8. In July 2013, DWP itself identified issues with the service Atos was providing. It stated that there had been "a reduction in the quality of written reports which are produced by Atos following assessments". The Department said that this was "contractually unacceptable" and that it would "apply all appropriate contractual remedies to ensure quality and value".[8] The action to address the quality of Atos reports meant that the speed of throughput of assessments reduced, leading to backlogs in processing ESA claims. DWP then announced in March 2014 that it had agreed an early exit from the WCA contract with Atos, and that a new provider will be appointed later this year.[9] We decided that it would be timely to conduct a new inquiry into ESA, to examine the reasons for the current problems and to assess progress since our 2011 report.

  1. We announced terms of reference and issued a call for evidence for the inquiry in February 2014. We received over 200 written submissions. More than half of these were from individuals, providing personal accounts of their experience of the WCA and ESA claims process. We held five oral evidence sessions with: organisations representing people with disabilities and health conditions; the two independent reviewers of the WCA; representatives from the Ministry of Justice and the Tribunals Service, which deal with benefit appeals; Atos; and Rt Hon Mike Penning MP, then Minister for Disabled People, and DWP officials. We also held an open public meeting in Newcastle in May, which provided a further opportunity to hear personal accounts of the ESA process. We are grateful to everyone who contributed to the inquiry, particularly the individuals who took the trouble to share their experiences with us.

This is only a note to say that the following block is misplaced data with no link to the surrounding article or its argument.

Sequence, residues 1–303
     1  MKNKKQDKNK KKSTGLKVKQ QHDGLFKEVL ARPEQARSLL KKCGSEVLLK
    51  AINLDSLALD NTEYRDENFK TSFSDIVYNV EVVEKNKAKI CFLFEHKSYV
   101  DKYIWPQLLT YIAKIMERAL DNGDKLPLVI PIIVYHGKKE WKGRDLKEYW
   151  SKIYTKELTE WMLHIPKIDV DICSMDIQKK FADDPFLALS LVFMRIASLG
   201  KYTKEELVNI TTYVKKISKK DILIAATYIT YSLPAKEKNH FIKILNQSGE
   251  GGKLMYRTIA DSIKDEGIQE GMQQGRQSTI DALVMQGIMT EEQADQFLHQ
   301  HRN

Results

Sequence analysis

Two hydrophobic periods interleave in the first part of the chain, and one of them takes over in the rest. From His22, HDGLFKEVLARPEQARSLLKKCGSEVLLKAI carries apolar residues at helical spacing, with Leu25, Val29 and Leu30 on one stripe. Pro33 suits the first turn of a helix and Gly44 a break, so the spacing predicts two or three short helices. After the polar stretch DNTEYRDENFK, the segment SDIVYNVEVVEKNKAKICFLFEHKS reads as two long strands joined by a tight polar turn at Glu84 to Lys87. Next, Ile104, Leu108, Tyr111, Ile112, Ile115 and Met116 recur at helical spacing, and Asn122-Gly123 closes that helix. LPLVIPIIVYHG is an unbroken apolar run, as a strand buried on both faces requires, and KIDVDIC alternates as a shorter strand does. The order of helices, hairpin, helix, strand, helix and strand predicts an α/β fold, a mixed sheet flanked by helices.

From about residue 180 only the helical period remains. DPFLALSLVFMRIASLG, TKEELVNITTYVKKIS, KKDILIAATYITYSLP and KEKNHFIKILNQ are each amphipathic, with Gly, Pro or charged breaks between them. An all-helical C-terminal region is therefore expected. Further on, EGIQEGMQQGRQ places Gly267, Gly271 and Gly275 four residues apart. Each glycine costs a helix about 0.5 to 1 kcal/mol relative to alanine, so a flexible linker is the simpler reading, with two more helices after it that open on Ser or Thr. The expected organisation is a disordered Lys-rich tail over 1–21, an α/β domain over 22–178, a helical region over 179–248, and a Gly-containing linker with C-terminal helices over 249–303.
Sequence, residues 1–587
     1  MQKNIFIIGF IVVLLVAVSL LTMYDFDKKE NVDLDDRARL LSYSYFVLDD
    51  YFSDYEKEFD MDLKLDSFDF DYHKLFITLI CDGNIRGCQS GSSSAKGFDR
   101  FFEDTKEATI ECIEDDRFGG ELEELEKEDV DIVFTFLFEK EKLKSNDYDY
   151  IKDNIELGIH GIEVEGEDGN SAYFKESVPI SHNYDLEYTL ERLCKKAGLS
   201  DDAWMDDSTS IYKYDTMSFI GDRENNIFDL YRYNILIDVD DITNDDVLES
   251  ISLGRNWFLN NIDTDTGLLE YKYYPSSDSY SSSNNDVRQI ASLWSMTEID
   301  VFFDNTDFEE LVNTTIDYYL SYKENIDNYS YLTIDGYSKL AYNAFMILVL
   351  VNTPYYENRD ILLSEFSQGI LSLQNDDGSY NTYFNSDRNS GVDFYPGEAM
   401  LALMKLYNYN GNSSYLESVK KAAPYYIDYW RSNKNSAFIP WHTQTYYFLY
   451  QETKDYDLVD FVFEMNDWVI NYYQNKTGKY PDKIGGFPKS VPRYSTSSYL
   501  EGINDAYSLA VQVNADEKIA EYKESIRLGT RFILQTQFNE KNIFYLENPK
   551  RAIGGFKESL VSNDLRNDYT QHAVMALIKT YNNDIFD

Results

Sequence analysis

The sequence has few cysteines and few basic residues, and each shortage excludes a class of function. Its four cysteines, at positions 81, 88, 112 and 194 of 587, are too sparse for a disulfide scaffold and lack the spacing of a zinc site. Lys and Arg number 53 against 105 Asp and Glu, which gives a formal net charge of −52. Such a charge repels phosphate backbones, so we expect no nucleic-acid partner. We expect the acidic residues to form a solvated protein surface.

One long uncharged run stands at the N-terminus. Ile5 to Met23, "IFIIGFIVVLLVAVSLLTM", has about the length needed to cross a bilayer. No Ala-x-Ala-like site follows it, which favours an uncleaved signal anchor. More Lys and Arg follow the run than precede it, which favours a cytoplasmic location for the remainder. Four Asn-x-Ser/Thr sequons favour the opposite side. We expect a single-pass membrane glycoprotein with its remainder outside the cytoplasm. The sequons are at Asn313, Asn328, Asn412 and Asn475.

1   Archived DWP content, April 2010, accessed 7 July 2014 Back

2   DWP, Employment and Support Allowance: outcomes of Work Capability Assessments, Great Britain - tables, June 2014, tables 1A and 10; and DWP Statistical Summary, June 2014, Table 1.1 Back

3   Gov.uk webpage, accessed 7 July 2014  Back

4   Professor Malcolm Harrington, An Independent Review of the Work Capability Assessment - year one, November 2010, and the Government's response to Professor Malcolm Harrington's Independent Review of the Work Capability Assessment, November 2010; Professor Malcolm Harrington, An Independent Review of the Work Capability Assessment - year two, November 2011, and the Government's Response to Professor Malcolm Harrington's Second Independent Review of the Work Capability Assessment, November 2011; and Professor Malcolm Harrington, An Independent Review of the Work Capability Assessment - year three, November 2012, and the Government's Response to Professor Malcolm Harrington's Third Independent Review of the Work Capability Assessment, November 2012 Back

5   Professor Harrington, An Independent Review of the Work Capability Assessment - year three, November 2012, Executive Summary, para 11 Back

6   Dr Paul Litchfield, An Independent Review of the Work Capability Assessment - year four, December 2013, and the Government's response to the year four independent review of the Work Capability Assessment, March 2014; Fifth Independent Review of the Work Capability Assessment: Call for evidence, June 2014  Back

7   Work and Pensions Committee, Sixth Report of Session 2010-12, The role of incapacity benefit reassessment in helping claimants into employment, HC 1015, Chapter 3 Back

8   HL Deb 22 July 2013, cols WS151-52. See also DWP press release, 22 July 2013, "Hoban - taking action to improve the Work Capability Assessment" Back

9   HC Deb, 27 March 2014, cols 56-57WS Back

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Prepared 23 July 2014